Outrage Continues Over Fraternities’
Racially Offensive Costumes
Expert on race relations says the behavior comes as no surprise
By Erik Lords
At a time when most Americans are putting domestic differences aside to unite in the international war against terrorism, racially charged events at two southern universities have reminded the nation that the battle against ignorance and intolerance at home must still be addressed with a sense of urgency.
Aftershocks at Auburn University in Alabama and the University of Mississippi are still being felt weeks after fraternity members at Halloween parties found a way to disrespect and offend millions of people.
In now infamous photos that circulated on the Internet, members of Delta Sigma Phi fraternity were shown wearing Ku Klux Klan robes and one member was photographed in a Klan costume, clutching a rifle and a noose in front of a Confederate flag. He was pretending to hang a member in blackface. At another Auburn frat house, Beta Theta Phi members at a Halloween party blackened their faces and wore clothing with the symbol and colors of historically Black fraternity Omega Psi Phi. Members also wore bulky jewelry and outfits that mimicked the FUBU apparel company. Some members held up gang signs. Pictures from the parties were posted on the Internet by a company that photographs social events.
Shortly after the Auburn photos surfaced, a photograph depicting two costumed Alpha Tau Omega members at a University of Mississippi Halloween party hit the Internet. One student wore blackface and a straw hat and was photographed picking cotton on his hands and knees while another student dressed as a police officer held a gun to his head.
“I was angry and saddened when I saw that garbage on the Internet,” says Gerard Seabrooks, a member of Omega Psi Phi and graduate of the University of Maryland. “In 2001 we have students performing mock lynchings? Wearing Klan robes? That’s madness. I received more than 30 e-mails about it from all over the country. People were in shock.”
But Dr. Jack Levin, an expert on race relations and director of the Brudnick Center on Violence and Conflict at Northeastern University in Boston, says the behavior comes as no surprise to him.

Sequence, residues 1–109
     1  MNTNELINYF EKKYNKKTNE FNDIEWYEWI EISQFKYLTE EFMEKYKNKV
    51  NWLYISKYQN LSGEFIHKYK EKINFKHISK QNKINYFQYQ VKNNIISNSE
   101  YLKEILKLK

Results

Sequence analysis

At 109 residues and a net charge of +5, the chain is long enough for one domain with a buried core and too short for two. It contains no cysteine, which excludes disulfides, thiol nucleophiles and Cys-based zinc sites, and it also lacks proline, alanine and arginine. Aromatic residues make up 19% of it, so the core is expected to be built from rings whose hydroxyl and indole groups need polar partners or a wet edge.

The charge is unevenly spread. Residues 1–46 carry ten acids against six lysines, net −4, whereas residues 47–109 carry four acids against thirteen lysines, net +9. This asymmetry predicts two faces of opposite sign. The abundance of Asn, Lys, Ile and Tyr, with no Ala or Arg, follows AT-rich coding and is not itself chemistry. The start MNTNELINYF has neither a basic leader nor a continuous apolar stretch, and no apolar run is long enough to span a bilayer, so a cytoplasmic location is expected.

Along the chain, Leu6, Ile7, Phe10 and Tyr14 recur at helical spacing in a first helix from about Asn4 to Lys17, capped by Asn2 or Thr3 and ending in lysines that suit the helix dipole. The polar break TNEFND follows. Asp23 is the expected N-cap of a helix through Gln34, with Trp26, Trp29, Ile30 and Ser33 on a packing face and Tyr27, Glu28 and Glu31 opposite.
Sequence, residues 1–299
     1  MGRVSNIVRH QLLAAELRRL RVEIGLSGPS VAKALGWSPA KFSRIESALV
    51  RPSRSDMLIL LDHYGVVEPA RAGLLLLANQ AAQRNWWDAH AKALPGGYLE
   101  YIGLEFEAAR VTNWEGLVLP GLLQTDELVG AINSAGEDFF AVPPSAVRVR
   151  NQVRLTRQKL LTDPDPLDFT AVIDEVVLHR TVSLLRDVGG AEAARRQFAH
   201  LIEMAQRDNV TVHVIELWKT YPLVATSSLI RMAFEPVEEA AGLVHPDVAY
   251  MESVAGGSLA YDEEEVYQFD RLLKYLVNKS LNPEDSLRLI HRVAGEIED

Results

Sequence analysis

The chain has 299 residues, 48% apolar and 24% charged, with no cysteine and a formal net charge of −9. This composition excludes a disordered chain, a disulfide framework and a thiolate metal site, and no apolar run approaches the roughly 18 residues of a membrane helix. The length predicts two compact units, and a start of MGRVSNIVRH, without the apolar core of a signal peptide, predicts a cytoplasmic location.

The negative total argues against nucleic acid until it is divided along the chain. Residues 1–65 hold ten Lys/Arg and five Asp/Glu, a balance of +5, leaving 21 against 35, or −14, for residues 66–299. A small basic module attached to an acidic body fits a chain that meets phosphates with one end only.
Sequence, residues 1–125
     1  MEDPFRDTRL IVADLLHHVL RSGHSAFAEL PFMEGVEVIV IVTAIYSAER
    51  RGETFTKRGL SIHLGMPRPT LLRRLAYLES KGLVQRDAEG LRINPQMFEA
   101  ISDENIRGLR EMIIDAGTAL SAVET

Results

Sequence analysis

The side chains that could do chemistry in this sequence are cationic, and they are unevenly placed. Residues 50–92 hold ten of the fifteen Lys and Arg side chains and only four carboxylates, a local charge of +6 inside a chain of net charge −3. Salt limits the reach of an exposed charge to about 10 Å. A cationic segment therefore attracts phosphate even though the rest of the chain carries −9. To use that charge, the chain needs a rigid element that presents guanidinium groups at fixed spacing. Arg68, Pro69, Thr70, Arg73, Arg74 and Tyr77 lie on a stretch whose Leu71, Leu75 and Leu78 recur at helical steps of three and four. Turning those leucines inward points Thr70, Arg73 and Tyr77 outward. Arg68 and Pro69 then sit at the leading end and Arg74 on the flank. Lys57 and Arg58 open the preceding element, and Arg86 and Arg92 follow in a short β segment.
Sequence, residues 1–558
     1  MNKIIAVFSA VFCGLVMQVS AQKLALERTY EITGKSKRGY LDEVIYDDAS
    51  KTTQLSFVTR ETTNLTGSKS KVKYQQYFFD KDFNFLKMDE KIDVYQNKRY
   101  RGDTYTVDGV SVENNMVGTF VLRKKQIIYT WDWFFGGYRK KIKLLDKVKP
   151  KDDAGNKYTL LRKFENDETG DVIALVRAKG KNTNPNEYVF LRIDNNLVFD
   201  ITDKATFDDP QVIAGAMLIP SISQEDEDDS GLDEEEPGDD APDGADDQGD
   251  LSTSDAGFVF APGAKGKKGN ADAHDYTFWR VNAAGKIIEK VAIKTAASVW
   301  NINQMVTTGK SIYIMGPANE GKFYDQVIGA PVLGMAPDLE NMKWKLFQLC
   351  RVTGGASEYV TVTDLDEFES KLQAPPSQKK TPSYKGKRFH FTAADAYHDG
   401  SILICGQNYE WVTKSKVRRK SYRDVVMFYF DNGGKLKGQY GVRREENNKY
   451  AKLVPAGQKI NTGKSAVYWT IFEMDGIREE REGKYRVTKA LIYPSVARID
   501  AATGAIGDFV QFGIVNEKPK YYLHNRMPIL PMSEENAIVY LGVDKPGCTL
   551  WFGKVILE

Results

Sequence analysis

“Some fraternities have been home to some of the most grotesque and stereotypical acts going back for many decades,” says Levin, who co-authored the 1993 book Hate Crimes: The Rising Tide of Bigotry and Hatred.
Levin said that during the 1980s, when more students of color arrived at universities around the country, “we saw these kind of incidents increase.
“It’s a defensive position from the point of view of these students, who are what used to be the prototypical college student: White, male and Protestant,” Levin says. “But now they have to share with people who are different — Black, Latino, and Asian students — and they don’t like losing their advantage and privilege.”
The Internet postings exacerbated the problem, Levin says. Within hours, the photos were being forwarded and discussed via e-mail and in chat rooms nationwide. Levin says little thought must have gone into the fact that Internet posting would present the photos to a global audience.
“There’s still an illusion of anonymity with the Internet,” he says. “People are far more open in chat rooms than they are in living rooms.”
OUTRAGE, THEN ACTION
At Auburn a flurry of activity followed the revelation about the fraternities’ behavior as counselors, administrators, and faculty and staff moved quickly to quell racial tensions and educate students on the value of diversity.
Among the moves taken:
• More than 200 students, administrators and faculty at Auburn attended “Education and Tolerance at Home,” a three-hour seminar that was part presentation, part conversation.
• At the request of Auburn interim president William Walker, the Southern Poverty Law Center conducted diversity workshops at Auburn, which were attended by dozens of students.